I don't want to believe that officers are out to get my dogs, I've read the good stories too. And I am grateful for the service the police provide. But we all know that there are plenty who are for whatever reason less understanding than others, and I don't want to give them a reason to feel like they have to respond in such a way.
Tiller- (Skansen's- Ira in the M

I DO Exist...To- Drive You Batty
Barked: Sun Jul 21, '13 1:25pm PST 
This is a growing concern for me, for sure. It was very unsettling for me to watch the video of Max the Rottweiler in Hawthorne, CA for that visual account and a dog just essentially barking.

That is a huge concern level to me. I do have the German dogs for protection. One was PPD, the others have been more natural guards. I depend on them, and society is ok with that. I do expect them not to bite anyone, and they don't. I think this is all very common, it is one of the reasons why we have dogs, and having officers going around popping dogs for barking when it is so natural and expectable is not consistent with the society in which they live. Certainly, they are trained for expectable high stress situations. They should be trained for this better than they are.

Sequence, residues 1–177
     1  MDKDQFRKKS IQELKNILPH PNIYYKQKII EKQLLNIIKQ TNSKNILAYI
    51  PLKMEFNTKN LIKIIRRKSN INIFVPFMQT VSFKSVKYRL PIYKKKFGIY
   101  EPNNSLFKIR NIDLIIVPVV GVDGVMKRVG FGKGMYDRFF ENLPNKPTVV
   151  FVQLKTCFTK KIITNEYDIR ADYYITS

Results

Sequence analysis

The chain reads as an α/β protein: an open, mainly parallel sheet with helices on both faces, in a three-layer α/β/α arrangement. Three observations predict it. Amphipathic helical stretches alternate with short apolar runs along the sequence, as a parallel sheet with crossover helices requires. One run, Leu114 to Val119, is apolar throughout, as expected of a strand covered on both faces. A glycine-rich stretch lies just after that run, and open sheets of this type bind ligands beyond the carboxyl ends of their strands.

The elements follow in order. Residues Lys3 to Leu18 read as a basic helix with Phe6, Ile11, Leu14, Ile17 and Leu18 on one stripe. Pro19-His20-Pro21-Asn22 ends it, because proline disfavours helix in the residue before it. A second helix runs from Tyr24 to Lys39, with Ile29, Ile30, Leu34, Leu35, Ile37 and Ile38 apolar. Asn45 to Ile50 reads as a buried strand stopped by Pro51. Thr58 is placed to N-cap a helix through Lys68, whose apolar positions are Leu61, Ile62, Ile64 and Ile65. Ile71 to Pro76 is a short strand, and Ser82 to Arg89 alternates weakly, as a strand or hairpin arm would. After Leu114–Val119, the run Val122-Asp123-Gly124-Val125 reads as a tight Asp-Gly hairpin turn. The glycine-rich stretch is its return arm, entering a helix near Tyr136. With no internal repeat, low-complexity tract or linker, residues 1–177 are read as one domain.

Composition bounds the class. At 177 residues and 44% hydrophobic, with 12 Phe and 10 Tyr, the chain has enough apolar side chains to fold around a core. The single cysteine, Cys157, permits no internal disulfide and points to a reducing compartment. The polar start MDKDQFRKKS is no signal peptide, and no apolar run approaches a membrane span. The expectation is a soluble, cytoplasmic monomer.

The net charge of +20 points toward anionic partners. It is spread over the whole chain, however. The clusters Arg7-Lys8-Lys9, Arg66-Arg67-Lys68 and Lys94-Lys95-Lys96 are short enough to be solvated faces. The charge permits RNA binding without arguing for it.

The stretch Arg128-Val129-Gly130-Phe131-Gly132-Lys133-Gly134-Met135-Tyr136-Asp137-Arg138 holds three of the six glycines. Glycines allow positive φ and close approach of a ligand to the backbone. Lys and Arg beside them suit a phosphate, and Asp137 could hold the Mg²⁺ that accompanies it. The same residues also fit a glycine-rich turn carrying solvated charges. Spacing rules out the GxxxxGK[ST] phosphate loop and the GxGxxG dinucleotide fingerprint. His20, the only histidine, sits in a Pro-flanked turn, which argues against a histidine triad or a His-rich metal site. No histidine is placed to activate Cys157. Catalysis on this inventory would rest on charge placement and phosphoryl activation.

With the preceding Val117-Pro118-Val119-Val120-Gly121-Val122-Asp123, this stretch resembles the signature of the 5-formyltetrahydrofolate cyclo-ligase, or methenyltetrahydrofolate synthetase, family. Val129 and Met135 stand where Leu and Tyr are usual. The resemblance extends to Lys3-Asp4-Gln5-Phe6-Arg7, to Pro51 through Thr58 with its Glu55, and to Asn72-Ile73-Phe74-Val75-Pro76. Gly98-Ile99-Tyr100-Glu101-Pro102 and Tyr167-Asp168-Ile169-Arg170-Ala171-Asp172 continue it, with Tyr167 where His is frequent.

I am not a child on this issue. I think if a dog is complicating the police getting control of a potentially dangerous subject, or if a loose dog is a community risk, then I can see the need for lethal force. There are so many instances, however, of a detained subject, arriving to serve a minor warrant, or to ask a civilian a question. Owner in attendance and all of a sudden the dog is dead....and you have to ask yourself how sane that is? It seems extraordinarily out of proportion to me when you have dogs doing what we expect them to, cops doing something that may get a dog reasonably upset, and not having better ways to deal with this.

I grew up with a dangerous dog in my childhood and do have memories of police getting involved, but I certainly never feared for my dog's life. This is newer, incidences on the increase. I think in part due to publicized dog attacks and BSL perhaps. I don't know what, but when I was a kid a cop dealing with a dog was just part of a job. I don't necessarily think you need training....plenty of pizza delivery guys out there will tell you that. But more that THESE people need training, as there are just too many incidences over reacting and it just ends up with this mind boggling conclusion.